Decolonization and the Evolution of International Human Rights

Decolonization and the Evolution of International Human Rights

Decolonization and the Evolution of International Human Rights

Decolonization and the Evolution of International Human Rights


In the decades following the triumphant proclamation of the Universal Declaration of Human Rights in 1948, the UN General Assembly was transformed by the arrival of newly independent states from Asia, Africa, and the Middle East. This diverse constellation of states introduced new ideas, methods, and priorities to the human rights program. Their influence was magnified by the highly effective nature of Asian, Arab, and African diplomacy in the UN human rights bodies and the sheer numerical superiority of the so-called Afro-Asian bloc. Owing to the nature of General Assembly procedure, the Third World states dominated the human rights agenda, and enthusiastic support for universal human rights was replaced by decades of authoritarianism and an increasingly strident rejection of the ideas laid out in the Universal Declaration.

In Decolonization and the Evolution of International Human Rights, Roland Burke explores the changing impact of decolonization on the UN human rights program. By recovering the contributions of those Asian, African, and Arab voices that joined the global rights debate, Burke demonstrates the central importance of Third World influence across the most pivotal battles in the United Nations, from those that secured the principle of universality, to the passage of the first binding human rights treaties, to the flawed but radical step of studying individual pleas for help. The very presence of so many independent voices from outside the West, and the often defensive nature of Western interventions, complicates the common presumption that the postwar human rights project was driven by Europe and the United States. Drawing on UN transcripts, archives, and the personal papers of key historical actors, this book challenges the notion that the international rights order was imposed on an unwilling and marginalized Third World. Far from being excluded, Asian, African, and Middle Eastern diplomats were powerful agents in both advancing and later obstructing the promotion of human rights.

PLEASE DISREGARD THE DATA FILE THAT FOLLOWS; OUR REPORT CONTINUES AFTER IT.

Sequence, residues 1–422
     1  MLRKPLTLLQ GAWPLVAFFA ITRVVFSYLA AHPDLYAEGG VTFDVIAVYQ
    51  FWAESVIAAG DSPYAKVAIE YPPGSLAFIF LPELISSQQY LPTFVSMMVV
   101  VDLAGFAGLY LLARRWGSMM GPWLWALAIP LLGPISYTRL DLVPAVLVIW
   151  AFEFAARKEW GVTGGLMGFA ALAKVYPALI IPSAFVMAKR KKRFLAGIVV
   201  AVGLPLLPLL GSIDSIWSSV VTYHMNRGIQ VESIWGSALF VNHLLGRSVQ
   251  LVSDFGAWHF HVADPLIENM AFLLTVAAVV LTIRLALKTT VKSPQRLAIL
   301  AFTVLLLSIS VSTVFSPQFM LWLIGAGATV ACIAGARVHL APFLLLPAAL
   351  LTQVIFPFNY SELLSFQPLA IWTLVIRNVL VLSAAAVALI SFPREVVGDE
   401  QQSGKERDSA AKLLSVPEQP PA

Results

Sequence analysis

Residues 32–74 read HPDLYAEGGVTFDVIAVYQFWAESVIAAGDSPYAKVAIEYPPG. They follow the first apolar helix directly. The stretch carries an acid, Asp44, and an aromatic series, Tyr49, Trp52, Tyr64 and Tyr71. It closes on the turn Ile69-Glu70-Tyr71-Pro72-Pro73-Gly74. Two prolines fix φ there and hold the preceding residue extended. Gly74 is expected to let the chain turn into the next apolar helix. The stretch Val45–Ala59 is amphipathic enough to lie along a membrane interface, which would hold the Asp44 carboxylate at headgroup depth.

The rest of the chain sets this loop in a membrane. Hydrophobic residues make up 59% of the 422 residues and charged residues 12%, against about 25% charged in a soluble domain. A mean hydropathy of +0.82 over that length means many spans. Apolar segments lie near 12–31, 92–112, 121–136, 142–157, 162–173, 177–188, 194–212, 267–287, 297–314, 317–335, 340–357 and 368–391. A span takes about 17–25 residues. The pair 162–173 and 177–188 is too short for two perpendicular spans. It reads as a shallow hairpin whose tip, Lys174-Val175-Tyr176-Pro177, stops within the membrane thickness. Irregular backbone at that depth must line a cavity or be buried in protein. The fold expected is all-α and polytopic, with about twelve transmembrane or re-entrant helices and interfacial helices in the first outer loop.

The “backward” countries are in revolt! … [Eleanor Roosevelt] thinks that it is
a revolt of the dark skinned people against the white. It is more than that.

—John Humphrey, Director of the Human Rights Division,
7 and 24 November 1950

On 10 December 1948, an overwhelming majority of states adopted the Universal Declaration of Human Rights in a momentous night session of the United Nations General Assembly. It was the culmination of nearly three years of intensive debate, negotiation, and far-reaching philosophical inquiry. the final text drew on more than fifty constitutions, countless written submissions, and the religious and moral traditions of every major belief system in existence. Among the delegations that delivered their assent were those from Afghanistan, Egypt, Taiwan, India, Pakistan, Liberia, Lebanon, Thailand, and the Philippines. Only the communist bloc, apartheid South Africa, and Saudi Arabia withheld their endorsement. Not without reason did the un proclaim the declaration “a common standard of achievement for all peoples and all nations.” For the fifty-eight-member General Assembly, it was an auspicious beginning to its mission to promote human rights around the globe.

This is the story of what happened after the passage of the Universal Declaration, as those fifty-eight members were joined by another fiftyeight, and then almost fifty-eight again, becoming a truly global General Assembly. Between 1950 and 1979, the process of decolonization transformed the un and the shape of human rights discourse. the Asian, African, and Arab states that coalesced into the self-conscious “Third World” brought a powerful new set of voices to those of 1948. These Third World diplomats made pivotal contributions to some of the most . . .

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